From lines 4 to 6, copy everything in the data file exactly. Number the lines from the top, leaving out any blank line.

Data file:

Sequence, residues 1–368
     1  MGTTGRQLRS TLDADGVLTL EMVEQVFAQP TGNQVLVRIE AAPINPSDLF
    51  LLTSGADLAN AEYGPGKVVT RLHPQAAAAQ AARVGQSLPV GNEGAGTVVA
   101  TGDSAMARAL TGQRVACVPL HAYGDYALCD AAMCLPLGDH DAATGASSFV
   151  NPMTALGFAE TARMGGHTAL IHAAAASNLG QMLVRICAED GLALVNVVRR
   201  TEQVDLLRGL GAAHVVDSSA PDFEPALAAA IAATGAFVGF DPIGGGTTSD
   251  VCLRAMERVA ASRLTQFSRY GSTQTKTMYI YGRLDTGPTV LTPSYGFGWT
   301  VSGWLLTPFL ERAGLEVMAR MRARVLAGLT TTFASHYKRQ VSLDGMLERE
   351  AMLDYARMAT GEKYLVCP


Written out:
   101  TGDSAMARAL TGQRVACVPL HAYGDYALCD AAMCLPLGDH DAATGASSFV
   151  NPMTALGFAE TARMGGHTAL IHAAAASNLG QMLVRICAED GLALVNVVRR
   201  TEQVDLLRGL GAAHVVDSSA PDFEPALAAA IAATGAFVGF DPIGGGTTSD